Horn of Africa Security Brief

  • Suspected al Shabaab militants attacked a Somali National Army (SNA) outpost with gunfire in Adale, Middle Shabelle region on June 8. The SNA claimed it repelled the militants. Al Shabaab has carried out attacks on the SNA near Adale in the past few months.[6]
  • Kenyan security forces intensified security operations in Mandera and Garissa County, Kenya, targeting al Shabaab militants along the Somali-Kenyan border. The security forces have been patrolling the counties in heavily armed vehicles and conducting searches for militants in suspected areas. These operations follow an al Shabaab attack on two Kenyan police vehicles in Mandera, Mandera County and an attack on a Kenyan Defense Force (KDF) convoy in Liboi, Garissa County on June 3.[7]
  • The Ugandan military said on June 6 that it began investigating the reports of five Ugandan African Union Mission in Somalia (AMISOM) soldiers selling military equipment to ten Somali civilians on June 5. The Ugandan military said the soldiers will face legal punishment if found guilty. SNA and AMISOM troops arrested the soldiers during a security operation in Mogadishu for selling equipment which included petrol, sandbags and detonators. Somalia’s Interior Minister said such illegal sales may be contributing to increased insecurity in Somalia.[8]
  • Kenyan President Uhuru Kenyatta and Somali President Hassan Sheikh Mohamud disagreed on the process for closing the Dadaab refugee camp in Garissa County, Kenya during a meeting at Kenyatta’s State House in Nairobi, Kenya on June 7. Mohamud asked for a refugee repatriation plan and discussed security and trade issues between the two countries, including aviation regulations. The leaders are scheduled to meet on June 8 for a second round of talks. Kenya announced on May 31 that it will close the camp by November 2016, expediting the closing process from May 2017.[9]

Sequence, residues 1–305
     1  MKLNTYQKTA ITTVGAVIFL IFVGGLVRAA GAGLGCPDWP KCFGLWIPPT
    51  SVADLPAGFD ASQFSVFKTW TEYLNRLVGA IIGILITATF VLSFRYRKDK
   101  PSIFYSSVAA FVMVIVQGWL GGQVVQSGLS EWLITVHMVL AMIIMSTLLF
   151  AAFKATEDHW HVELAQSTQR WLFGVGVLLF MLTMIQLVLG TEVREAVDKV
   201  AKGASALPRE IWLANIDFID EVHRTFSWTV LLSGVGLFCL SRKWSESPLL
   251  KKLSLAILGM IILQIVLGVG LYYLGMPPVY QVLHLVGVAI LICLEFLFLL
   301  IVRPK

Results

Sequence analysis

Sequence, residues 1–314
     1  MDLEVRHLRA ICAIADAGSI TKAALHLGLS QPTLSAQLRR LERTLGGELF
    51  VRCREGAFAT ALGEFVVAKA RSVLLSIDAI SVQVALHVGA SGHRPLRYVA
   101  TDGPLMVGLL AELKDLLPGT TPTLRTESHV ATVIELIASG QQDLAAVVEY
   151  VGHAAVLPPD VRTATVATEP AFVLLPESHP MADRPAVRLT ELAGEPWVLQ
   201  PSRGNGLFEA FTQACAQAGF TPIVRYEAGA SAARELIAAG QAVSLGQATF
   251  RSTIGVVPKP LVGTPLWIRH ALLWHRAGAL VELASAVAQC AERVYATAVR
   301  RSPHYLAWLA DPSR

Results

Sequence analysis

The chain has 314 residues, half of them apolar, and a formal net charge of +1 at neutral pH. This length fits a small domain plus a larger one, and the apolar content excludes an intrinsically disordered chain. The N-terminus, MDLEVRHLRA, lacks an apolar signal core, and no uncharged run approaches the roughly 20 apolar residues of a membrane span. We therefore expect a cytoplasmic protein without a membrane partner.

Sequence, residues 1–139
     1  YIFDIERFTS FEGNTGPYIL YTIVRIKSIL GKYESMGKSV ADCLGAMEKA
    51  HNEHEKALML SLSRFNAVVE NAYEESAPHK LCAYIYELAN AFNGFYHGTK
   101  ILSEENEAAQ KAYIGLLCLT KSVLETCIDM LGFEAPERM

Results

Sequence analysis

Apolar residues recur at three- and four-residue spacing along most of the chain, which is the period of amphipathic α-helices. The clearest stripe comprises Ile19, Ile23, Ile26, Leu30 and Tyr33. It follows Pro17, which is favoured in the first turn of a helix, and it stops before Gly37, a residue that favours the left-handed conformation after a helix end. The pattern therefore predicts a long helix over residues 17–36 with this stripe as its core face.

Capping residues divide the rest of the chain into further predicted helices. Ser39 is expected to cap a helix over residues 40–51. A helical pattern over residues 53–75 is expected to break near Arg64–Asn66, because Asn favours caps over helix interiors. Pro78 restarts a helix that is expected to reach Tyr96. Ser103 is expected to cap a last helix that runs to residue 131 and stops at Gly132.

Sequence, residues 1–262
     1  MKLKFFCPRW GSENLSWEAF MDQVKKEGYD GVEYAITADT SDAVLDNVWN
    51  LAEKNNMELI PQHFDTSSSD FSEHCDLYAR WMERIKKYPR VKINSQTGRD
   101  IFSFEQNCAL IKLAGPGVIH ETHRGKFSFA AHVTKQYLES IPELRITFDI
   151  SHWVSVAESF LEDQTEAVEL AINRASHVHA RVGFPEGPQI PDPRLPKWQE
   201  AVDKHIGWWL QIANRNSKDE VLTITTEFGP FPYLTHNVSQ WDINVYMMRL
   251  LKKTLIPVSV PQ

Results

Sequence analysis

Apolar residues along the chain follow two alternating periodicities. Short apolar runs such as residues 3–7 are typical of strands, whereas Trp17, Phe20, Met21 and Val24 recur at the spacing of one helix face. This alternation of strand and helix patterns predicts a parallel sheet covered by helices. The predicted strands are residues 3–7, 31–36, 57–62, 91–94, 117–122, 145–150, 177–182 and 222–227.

• Ethiopian AMISOM troops met with elders from Gal’ad village, Galgudud region on June 8 asking for cooperation with an anti-al Shabaab operation to increase civilian security in the region. SNA special operations forces conducted a raid on an al Shabaab training camp in El Timir village near Gal’ad on May 11 and SNA and AMISOM troops recaptured villages in Galgudud from al Shabaab militants on May 4.[10]

[1] “Government delegation meets with Ould Cheikh Ahmed on the withdrawal of al Houthis and securing of Sana’a,” al Masdar, June 8, 2016,
[2] Facebook, Ali Abdullah Saleh, June 5, 2016,
[3] “Cabinet meeting, governors discuss ‘displacement’ and financial options in the face of Sanaa authority,” al Masdar, June 8, 2016,
[5] “Civilians were killed in renewed fighting between rebels and resistance in al Huwaimi area north of Lahij,” al Masdar, June 8, 2016,
[6] “Suspected al Shabaab fighters attack army base in southern Somalia,” Shabelle News, June, 8, 2016,
[7] “Kenyan forces intensify security operations in Garissa, Mandera,” Shabelle News, June 8, 2016,
[8] “Uganda investigates its troops over sale of military equipment in Somalia,” Goobjoog, June 8, 2016, and Elsa Buchanan, “Somalia: African Union peacekeepers held over ‘illegal trade’ in military equipment,” International Business Times, June 6, 2016,  
[9] “Uhuru and Somalia president yet to reach agreement on Dadaab Refugee Camp,” Goobjoog, June 8, 2016,; and “Kenyan, Somali leaders meet on refugee camp closure, talks deadlocked,” Shabelle News, June 8, 2016,
[10] “Ethiopian troops meet Elders in Gal’ad to mobilize anti-militant push,” Shabelle News, June 8, 2016,